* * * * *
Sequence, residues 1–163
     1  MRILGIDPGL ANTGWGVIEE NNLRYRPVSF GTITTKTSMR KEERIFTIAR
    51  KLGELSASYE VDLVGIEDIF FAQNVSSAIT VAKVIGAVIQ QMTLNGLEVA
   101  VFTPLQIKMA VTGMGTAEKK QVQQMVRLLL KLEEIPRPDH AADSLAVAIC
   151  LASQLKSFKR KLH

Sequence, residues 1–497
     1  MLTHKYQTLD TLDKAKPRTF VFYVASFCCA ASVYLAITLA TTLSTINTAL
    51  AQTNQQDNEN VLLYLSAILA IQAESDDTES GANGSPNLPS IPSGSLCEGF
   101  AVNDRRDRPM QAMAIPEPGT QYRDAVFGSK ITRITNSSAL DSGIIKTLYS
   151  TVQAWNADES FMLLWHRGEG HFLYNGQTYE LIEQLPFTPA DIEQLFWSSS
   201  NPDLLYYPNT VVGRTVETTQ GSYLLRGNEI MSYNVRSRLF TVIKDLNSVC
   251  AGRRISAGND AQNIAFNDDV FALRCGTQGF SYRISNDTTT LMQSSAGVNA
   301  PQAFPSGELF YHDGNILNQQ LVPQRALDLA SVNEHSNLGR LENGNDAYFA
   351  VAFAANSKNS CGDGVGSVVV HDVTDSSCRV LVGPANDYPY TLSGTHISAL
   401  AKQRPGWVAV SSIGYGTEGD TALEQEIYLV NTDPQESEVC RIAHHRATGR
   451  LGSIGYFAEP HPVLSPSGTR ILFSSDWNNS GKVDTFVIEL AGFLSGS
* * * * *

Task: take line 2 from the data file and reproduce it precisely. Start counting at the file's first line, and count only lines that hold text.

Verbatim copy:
     1  MRILGIDPGL ANTGWGVIEE NNLRYRPVSF GTITTKTSMR KEERIFTIAR